Although knowledge of classic anatomic descriptions is essential to perform peripheral nerve blocks, it is important to recognize that variations are frequent and that “normal anatomy” is found in only 50% to 70% of cases.
A. Lumbar Plexus (Fig. 11-1)
The lumbar plexus is an anastomotic complex formed by the anterior roots from L1 to L3 and the greater part of L4. It has a triangular form, with its base resting against the lumbar vertebrae and veretrebral transverse process and its apex formed by the union of the third roots with the ascendant rami of the fourth. There is frequent anastomosis between the upper part of the plexus with the subcostal nerve and between the L4 rami and the lumbosacral trunk. As with the brachial plexus, we can describe a pre- or a postfixed plexus with respect to the main anastomosis; however, an important characteristic of lumbar plexus anatomy is its great variability and frequent asymmetry. The best definition is given by Bonniot: “The superior limit corresponds to the first roots where the first collateral of the lumbar plexus originate, and the inferior part is defined by the first roots entirely distributed to the sacral plexus” (1922).
In the majority of cases, the fourth roots give rise to fibers for the three main trunks of the lower limb: the femoral, obturator, and sciatic nerves (lumbosacral trunk). This may explain the effectiveness of the posterior approach of the lumbar plexus at the L4 level for hip surgery.
The lumbar plexus lies anterior to the transverse process between the two parts of the psoas muscle. All of the branches of the lumbar plexus emerge from the psoas muscle and all leave the pelvis, though, not all by the same path. Near the vertebral body, the psoas muscle is divided into two planes: a superficial plane that arises from the lateral faces of the vertebral bodies from T12 to L4 and a deep plane arising from the transverse process of L1 to L5. Within these two planes lie the trunks of the lumbar plexus and the ascending lumbar vein. In addition, the lumbar arteries, which supply the psoas muscle, provide branches for the plexus. The two parts of the muscle then fuse to form the psoas major.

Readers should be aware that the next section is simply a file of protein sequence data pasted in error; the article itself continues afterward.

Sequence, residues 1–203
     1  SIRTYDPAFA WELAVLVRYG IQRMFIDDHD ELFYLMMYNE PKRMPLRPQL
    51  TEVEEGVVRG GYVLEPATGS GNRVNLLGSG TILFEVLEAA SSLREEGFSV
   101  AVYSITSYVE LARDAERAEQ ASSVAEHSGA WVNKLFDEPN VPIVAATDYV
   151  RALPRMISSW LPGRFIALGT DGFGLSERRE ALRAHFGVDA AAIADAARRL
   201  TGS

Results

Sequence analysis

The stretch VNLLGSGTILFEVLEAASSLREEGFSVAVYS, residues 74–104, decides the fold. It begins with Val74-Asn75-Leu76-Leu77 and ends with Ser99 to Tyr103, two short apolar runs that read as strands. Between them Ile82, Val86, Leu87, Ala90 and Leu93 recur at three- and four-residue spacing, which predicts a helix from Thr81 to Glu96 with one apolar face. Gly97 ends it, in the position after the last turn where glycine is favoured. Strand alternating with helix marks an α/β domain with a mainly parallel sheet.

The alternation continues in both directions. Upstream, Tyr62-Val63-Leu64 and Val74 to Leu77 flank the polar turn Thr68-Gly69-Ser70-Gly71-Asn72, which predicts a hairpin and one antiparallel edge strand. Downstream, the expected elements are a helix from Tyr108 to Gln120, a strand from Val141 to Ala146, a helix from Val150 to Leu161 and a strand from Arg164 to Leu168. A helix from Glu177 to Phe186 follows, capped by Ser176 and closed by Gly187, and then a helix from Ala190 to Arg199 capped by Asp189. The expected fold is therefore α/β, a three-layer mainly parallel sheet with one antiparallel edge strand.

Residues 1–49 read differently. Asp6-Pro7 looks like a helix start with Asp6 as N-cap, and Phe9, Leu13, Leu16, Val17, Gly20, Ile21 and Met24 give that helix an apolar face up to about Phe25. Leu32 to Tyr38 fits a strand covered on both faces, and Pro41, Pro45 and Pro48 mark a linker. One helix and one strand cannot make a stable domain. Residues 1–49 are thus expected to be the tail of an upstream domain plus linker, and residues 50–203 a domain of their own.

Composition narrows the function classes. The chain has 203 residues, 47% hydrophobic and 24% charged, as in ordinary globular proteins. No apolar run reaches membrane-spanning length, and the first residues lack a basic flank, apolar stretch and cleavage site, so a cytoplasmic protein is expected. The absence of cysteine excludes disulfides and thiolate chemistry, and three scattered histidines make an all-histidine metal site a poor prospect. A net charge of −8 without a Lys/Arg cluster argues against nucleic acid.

Figure 11-1. Lumbar plexus and sacral plexus nerves.
Besides two small branches—for the quadratus lumborum and the psoas muscles—six branches originate from the lumbar plexus. They are classified either as collateral or terminal branches.
Lumbar Plexus Collateral and Terminal Nerves (Fig. 11-2)
Iliohypogastric Nerve (L1)
The iliohypogastric nerve emerges at the level of the psoas muscle and runs down and laterally along the anterior face of the quadratus lumborum muscle. Close to the iliac crest, it runs between the transversus abdominis and the oblique muscles. It leaves a lateral branch for the anterosuperior part of the buttock, supplying the skin as far as the greater trochanter (55% of cases). Variations are possible, however, including a shorter branch that does not reach the greater trochanter (20%) and a longer branch that extends beyond it (15%). The nerve divides into two branches: an abdominal branch, which supplies the muscles and skin of the inferior part of the abdomen, and an inguinal branch, supplying the skin of the pubis and the scrotum (men) or labium majus (women). The inguinal branch perforates the internal oblique muscle and then runs between the oblique muscles.
Ilioinguinal Nerve (L1)
The ilioinguinal nerve follows the iliohypogastric nerve. Its diameter is inversely proportional to that of the iliohypogastric nerve, and it may be absent in some cases. It gives rise to an abdominal branch, which is frequently anastomosed with the abdominal branch of the iliohypogastric nerve, and the inguinal branch, which supplies the skin of the superior and medial aspects of the thigh and the genital area. It can replace the genital branch of the genitofemoral nerve and all or part of the lateral femoral cutaneous nerve.
Figure 11-2. Lumbar plexus collateral and terminal nerves.
Genitofemoral Nerve (L1-2)
This nerve crosses the psoas muscle and extends along its anterior face before dividing into genital and femoral branches. The genital branch passes through the inguinal canal and supplies the cremaster muscle and the skin of the pubis and scrotum (or labium majus). The femoral branch enters the thigh under the inguinal ligament in the femoral sheath and then supplies the skin of the upper part of the femoral triangle. This branch is probably the most variable of the lumbar plexus. It supplies an important part of the anterior aspect of the thigh. In some cases, it receives an anastomosis from T12, and sometimes it is completely absent, in which case it is replaced by the ilioinguinal and the lateral femoral cutaneous nerve.
Lateral Femoral Cutaneous Nerve (L2-3)